With growing concerns about the terrorist threat to Britain, BBC News Online looks at the different organisations tasked with the job of defending the UK.
Officially known as the Secret Intelligence Service (SIS), its role is exclusively involved in obtaining intelligence on the activities of Britain's enemies and potential enemies overseas.
Up until a decade ago the main threat came from the Soviet Union and other Warsaw Pact countries.
Following the collapse of the Soviet Union MI6 shifted its main focus to Irish republican terror groups.
But since 11 September 2001 MI6's primary function has been to keep an eye on the threat from Muslim extremists.
MI6 will have agents in, for example, Afghanistan, Iraq, Yemen, who are designed to give early warning of potential threats to Britain from al-Qaeda.
MI6 is an arm of the Foreign Office and its boss, known as C, is answerable to the foreign secretary.
It used to be said that MI6 agents worked abroad and MI5 - known officially as the Security Service - worked within the UK's borders.
But nowadays that is not the case. MI5 agents often travel abroad to liaise with foreign intelligence agencies and share information on those who might threaten British national security.
MI5 is also concerned with threats to the security of British embassies and consulates abroad and British expats living overseas.
It operates a network of agents and also works closely in support of Special Branch, which has its own informants in a variety of groups which are of concern to the government.
These include Irish republicans, Northern Irish loyalists, Kurdish separatists and Muslim extremists.
These informants - known in the trade as Covert Human Intelligence Sources - have defected for a variety of reasons.
Usually it is because they are disillusioned by their movements' actions, but it can also be because of financial inducements offered to them.
MI5 is funded through the Single Intelligence Account, which also supplies the budget for MI6 and GCHQ.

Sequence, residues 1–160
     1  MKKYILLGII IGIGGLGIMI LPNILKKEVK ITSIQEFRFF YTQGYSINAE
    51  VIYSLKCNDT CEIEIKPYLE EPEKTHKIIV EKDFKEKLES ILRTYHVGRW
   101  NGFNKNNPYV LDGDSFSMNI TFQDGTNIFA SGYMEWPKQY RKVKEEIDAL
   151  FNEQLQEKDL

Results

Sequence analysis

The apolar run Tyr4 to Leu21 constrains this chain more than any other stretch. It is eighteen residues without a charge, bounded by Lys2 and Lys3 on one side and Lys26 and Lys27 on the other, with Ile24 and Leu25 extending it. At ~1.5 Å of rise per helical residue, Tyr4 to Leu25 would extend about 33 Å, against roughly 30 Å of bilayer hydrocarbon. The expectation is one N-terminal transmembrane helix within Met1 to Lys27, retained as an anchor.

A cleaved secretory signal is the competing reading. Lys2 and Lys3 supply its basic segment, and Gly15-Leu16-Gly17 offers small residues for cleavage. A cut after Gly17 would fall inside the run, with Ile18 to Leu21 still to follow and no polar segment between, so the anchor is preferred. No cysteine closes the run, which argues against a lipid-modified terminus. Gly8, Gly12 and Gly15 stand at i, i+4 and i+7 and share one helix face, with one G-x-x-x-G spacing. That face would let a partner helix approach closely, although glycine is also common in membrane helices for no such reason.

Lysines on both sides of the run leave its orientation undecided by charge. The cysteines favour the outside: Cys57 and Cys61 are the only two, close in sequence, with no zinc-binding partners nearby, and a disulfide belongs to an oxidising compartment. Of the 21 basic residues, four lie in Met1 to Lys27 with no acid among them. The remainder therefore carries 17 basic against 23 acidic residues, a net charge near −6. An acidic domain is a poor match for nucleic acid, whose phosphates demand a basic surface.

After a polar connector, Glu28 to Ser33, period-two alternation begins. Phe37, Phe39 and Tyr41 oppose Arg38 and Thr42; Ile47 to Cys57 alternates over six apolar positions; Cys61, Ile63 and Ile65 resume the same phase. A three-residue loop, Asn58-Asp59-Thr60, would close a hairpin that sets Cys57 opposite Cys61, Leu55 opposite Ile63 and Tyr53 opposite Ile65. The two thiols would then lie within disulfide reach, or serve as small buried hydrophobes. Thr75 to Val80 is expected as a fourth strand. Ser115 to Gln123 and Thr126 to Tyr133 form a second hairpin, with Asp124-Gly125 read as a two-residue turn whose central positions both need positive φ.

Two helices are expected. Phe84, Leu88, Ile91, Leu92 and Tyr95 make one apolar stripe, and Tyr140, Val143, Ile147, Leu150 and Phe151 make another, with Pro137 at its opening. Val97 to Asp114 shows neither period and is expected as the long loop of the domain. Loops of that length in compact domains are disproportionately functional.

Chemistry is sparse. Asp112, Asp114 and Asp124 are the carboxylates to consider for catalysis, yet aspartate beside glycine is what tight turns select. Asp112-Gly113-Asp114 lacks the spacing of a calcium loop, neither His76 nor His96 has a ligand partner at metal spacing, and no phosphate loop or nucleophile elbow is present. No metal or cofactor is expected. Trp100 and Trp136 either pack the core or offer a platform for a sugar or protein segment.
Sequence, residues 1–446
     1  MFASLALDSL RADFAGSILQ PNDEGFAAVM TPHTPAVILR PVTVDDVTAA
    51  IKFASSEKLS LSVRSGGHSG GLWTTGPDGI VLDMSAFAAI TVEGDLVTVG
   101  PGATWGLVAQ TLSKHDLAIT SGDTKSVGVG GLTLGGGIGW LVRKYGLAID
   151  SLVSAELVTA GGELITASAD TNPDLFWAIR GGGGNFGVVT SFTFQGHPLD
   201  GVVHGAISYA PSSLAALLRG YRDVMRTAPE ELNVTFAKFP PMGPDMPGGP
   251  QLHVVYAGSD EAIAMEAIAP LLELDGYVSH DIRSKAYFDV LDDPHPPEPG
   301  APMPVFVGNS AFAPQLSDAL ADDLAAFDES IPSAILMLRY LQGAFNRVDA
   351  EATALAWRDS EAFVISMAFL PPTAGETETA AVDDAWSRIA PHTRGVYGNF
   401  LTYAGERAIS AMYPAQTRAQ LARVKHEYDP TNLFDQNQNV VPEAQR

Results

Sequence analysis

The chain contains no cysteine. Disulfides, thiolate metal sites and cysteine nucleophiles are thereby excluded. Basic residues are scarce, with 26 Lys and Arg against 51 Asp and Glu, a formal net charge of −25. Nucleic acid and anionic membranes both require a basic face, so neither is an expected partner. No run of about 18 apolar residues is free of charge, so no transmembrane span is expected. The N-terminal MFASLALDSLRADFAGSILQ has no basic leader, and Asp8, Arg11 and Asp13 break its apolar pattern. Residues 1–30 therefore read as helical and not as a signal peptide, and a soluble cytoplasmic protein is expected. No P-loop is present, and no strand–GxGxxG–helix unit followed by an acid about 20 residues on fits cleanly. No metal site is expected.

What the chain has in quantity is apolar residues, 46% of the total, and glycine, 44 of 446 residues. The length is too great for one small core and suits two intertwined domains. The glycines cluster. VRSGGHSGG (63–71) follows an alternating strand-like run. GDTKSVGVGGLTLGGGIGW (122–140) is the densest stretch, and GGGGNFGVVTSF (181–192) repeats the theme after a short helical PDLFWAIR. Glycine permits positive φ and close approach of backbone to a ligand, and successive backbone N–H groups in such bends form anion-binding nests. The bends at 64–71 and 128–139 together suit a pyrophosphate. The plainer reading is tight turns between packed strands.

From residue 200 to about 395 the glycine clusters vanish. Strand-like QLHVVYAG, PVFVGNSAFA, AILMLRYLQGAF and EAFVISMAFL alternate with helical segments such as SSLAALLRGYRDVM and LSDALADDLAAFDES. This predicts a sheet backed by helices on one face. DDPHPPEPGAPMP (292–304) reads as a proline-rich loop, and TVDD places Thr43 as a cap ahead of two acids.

Its boss is answerable to the home secretary.
Whereas MI5 and MI6 are both classed as the intelligence service, they work closely with Special Branch, whose officers are policemen and women.
Each of the UK's police forces has a Special Branch, whose officers are given the task of keeping tabs on suspect organisations in their area.
Special Branch officers also keep surveillance - both physically and technologically - on individuals who are considered "of interest" to the powers-that-be.
Telephone are tapped, e-mails monitored, mail intercepted and homes bugged in an attempt to obtain valuable intelligence on the people under surveillance.
Special Branch, and MI5, are supposed to tip off the local police if they discover a plot is imminent.
The Metropolitan Police, being the biggest and best-funded force in the country, is the only constabulary in the UK to have a dedicated Anti-Terrorist Squad.
Anti-Terrorist Branch officers are often sent miles from London in the course of their work and are supposed to work closely with local officers if they discover terrorist activity in, for example, Lancashire.
In December 2001 Scotland Yard officers boarded a cargo ship in the English Channel because of fears that it might be carrying terrorist material. In the end the ship was given the all-clear.
The Anti-Terrorist Branch has years of experience in tackling terrorism, most noticeably that of Irish republicans operating on the British mainland.
They have faced a steep learning curve with Islamic extremists since 11 September 2001 but the lack of a major terrorist incident in Britain suggests they are getting results.
NATIONAL CRIMINAL INTELLIGENCE SERVICE
NCIS was established in 1992 and provides intelligence on major organised crime gangs for police forces up and down the country.
But it will, from time to time, in the course of its activities come across terrorist conspiracies.
Several terror groups, such as the Ulster Volunteer Force (UVF), the Ulster Defence Association (UDA), the Kurdish separatist PKK and the Turkish left-wingers DHKP-C, fund their activities through extortion and drug dealing.
There is therefore considerable overlap and NCIS will frequently provide information to MI5 or the Anti-Terrorist Branch.
While the above groups all work with intelligence from human sources, GCHQ is responsible for monitoring the airwaves.
GCHQ - which stands for Government Communications Headquarters - was set up during World War II to decode German coded messages.
Now based in Cheltenham, Gloucestershire, its staff monitor a wide range of communications globally.
Equipped with a vast array of state-of-the-art technology - work began on a £300m facility in 1999 - they are able to listen in to communications between virtually anyone in the world.
Their work, obviously, is shrouded in secrecy but GCHQ will be at the forefront of efforts to locate secret messages between Osama Bin Laden and his minions.